I am a mom and I would not change my daughter for the world. She filled my life with hard meaningful work, sleepless nights and despair, strength, courage and truth. She has been my comrade in this physically and emotionally difficult journey and she has rewarded and punished me with hard all consuming absolute love.

I have however only respect for the modern woman who has also made a courageous choice and has proudly declared she wants to stay child free. As a woman and a mom I understand every single why she might want to challenge the hypocritical over-romanticized idea of motherhood as a life purpose or validation of self worth.

After all that’s the kind of pressure I would never want my daughter to face.

Living Abroad: Are you an Immigrant or an Expat? Cultural Talk

sexy-beast-movie-poolscene

A thing that has puzzled me for a long time since I left my native country is stereotypes regarding the identity of foreigners and the popular terms Immigrant and Expatriate. In London this was not completely an issue. Every other person I met was a foreigner with a different story and circumstances. You could not describe lots of people with just one term: the human mosaic was too intricate and the relationships too complex. At the same time, like everywhere else, people often valued others based on individual judgments related to nationality and popular stereotypes related to nationalities, career and earnings, looks, religion etc.

In Sweden I find things are more straightforward. There is a well defined line between what is Swedish and what is not, and officially foreigners are perceived as belonging mainly in one group: they are Immigrants. There are of course cultural reasons why the average Swede could warm up to an expat more than he/she would to an immigrant. Also there are subconscious classifications of different immigrants that make some more desirable than others.

Let me explain.

An immigrant is described as “a person who comes to live permanently in a foreign country”.
The Immigrant is different from the migrant; the latter defined as “a person who moves from one place to another in order to find better living conditions”.

Even though these two terms have a different definition they are usually used as having the same meaning. Culturally the word migrant often brings in mind images of desperate people escaping war and conflict and trying to reach a safe first world country. The word immigrants evokes more peaceful images, but still is closely linked to poverty, low paid jobs and life in ghettos.

An expatriate is a “person who lives outside their native country”. Another definition that I found online is “an employee who is sent to live abroad for a defined time period”. An expatriate therefore is not perceived as someone who is planning to spend his whole life abroad or get a pension abroad. It is rather someone whose identity abroad is somehow linked to his role in his native country.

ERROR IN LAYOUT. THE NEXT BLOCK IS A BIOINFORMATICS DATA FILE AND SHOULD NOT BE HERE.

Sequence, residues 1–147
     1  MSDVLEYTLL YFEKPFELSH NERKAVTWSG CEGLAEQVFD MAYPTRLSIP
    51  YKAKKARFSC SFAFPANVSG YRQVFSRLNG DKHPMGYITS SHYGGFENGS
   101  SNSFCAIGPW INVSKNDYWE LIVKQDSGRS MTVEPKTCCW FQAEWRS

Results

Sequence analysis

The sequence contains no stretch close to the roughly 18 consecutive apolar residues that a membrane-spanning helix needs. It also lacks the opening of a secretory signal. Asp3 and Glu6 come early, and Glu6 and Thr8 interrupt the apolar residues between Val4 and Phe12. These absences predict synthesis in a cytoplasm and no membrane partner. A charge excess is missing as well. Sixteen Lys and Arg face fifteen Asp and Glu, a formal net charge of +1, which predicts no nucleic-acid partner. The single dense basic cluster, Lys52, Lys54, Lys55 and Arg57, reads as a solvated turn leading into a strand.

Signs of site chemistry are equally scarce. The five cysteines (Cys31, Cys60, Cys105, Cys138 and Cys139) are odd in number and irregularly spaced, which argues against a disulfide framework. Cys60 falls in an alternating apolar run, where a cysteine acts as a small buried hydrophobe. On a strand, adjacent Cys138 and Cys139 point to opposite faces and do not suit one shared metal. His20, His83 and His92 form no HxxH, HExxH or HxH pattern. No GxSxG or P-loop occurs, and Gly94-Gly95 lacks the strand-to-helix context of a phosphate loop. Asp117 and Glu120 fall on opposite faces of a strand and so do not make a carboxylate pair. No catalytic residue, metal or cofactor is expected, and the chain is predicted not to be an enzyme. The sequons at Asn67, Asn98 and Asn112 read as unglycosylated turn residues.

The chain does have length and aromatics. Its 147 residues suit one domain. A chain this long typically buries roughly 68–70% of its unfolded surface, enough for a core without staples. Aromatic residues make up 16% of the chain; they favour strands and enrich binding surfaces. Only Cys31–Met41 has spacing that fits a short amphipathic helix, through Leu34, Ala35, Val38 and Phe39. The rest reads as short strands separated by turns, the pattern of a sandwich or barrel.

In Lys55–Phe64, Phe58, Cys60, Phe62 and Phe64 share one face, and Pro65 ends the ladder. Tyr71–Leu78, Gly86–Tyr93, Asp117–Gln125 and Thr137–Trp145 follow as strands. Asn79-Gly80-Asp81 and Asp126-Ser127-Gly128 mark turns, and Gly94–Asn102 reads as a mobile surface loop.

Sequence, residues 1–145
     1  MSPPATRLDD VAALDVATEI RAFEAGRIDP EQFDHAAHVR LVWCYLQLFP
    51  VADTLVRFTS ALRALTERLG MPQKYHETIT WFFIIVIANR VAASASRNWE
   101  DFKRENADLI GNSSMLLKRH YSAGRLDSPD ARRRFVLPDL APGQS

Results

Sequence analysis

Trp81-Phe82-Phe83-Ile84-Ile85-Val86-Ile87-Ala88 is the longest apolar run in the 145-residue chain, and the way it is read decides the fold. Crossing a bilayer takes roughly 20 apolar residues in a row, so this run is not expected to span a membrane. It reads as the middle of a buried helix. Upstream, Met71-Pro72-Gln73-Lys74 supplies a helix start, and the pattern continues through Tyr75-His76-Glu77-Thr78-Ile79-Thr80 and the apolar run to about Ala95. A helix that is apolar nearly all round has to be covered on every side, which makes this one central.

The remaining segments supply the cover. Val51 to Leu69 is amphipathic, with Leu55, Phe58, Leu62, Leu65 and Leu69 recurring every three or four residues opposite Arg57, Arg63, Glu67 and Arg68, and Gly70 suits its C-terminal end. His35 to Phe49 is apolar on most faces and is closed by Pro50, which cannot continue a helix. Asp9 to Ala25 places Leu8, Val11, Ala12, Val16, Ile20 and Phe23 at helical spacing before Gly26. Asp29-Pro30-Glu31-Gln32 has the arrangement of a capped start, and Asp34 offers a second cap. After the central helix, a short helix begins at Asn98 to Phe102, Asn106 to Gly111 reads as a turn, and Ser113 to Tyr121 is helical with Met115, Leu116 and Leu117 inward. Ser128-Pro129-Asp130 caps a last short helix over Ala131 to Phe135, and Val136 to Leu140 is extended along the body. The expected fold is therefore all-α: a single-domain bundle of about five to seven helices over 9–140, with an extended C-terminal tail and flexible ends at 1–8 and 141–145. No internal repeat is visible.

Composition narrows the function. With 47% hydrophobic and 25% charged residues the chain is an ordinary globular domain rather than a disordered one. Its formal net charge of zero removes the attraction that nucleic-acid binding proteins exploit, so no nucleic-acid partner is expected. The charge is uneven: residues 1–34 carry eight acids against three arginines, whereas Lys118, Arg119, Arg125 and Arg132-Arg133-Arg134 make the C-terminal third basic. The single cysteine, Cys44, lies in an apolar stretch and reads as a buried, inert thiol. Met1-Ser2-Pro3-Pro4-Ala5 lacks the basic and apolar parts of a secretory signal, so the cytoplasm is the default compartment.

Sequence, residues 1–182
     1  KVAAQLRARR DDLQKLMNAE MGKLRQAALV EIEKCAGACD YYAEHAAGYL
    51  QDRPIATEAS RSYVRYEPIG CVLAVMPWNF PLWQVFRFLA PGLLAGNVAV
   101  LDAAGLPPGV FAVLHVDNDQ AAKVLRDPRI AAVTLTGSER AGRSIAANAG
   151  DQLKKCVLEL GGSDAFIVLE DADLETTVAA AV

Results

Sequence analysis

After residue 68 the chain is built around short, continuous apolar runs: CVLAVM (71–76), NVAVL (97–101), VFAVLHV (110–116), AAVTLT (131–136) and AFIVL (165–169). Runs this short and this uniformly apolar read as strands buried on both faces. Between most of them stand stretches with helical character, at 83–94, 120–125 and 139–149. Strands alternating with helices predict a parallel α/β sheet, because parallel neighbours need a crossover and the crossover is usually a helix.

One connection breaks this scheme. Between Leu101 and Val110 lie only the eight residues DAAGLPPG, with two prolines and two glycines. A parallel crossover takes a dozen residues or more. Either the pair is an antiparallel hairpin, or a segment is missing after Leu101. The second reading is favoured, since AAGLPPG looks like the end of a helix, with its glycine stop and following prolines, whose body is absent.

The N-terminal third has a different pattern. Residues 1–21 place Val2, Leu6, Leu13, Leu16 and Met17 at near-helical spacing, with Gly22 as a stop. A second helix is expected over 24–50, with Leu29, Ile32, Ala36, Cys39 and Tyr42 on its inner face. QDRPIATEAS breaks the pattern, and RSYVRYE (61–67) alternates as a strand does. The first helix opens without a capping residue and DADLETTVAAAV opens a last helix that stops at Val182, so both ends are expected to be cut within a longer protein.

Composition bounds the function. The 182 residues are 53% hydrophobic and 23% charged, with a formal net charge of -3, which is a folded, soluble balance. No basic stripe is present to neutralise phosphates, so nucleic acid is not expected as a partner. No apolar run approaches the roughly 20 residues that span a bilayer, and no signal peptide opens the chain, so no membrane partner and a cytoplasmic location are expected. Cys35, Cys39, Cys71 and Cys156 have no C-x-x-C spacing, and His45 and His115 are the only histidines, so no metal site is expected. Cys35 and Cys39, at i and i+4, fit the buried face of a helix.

An expatriate is usually culturally perceived as someone whose financial potential abroad could well exceed the financial potential of many locals of the country he visits. The word expat brings in mind popular images of white people socializing while sipping gin tonic in membership clubs. Expats don’t really need to learn the language of the country they live in as they work in another formal language and can leave the country whenever they wish. They are very mobile too. Another stereotype about expats is that in majority hold strong passports from financially and culturally “important” countries: the locals can indeed benefit from their presence. (As opposed to the presence of immigrants, whose “foreign cultures” could be seen as a nuisance rather than a benefit).

These silent classifications no matter how inaccurate, superficial and stereotypical underlie the relationships of people. As a foreigner in Stockholm I have been surprised by the various classifications of immigrants and clichés that I have encountered. For example, when I first got here, I was talking to a friendly Swedish woman who was once married to a Portuguese man. When I identified with her experience being married to a foreigner myself (and one that comes from another continent too) she retorted: “But it is not the same! You two are both Latin!” (I am Greek, he is Mexican).

“Latin” therefore is perhaps another definition for the “darker colored Christian immigrant coming from a poor country/hit by crisis with nice beaches to visit on holidays”.

Or maybe it’s much more complicated than that. I never take offense in these observations as I believe we all have our subconscious classifications of people whether they have to do with wealth, career and prestige, gender, beauty and looks, nationality, religion etc. I have seen people in China stop the traffic to let the Scandinavian looking boy pass, staring in awe.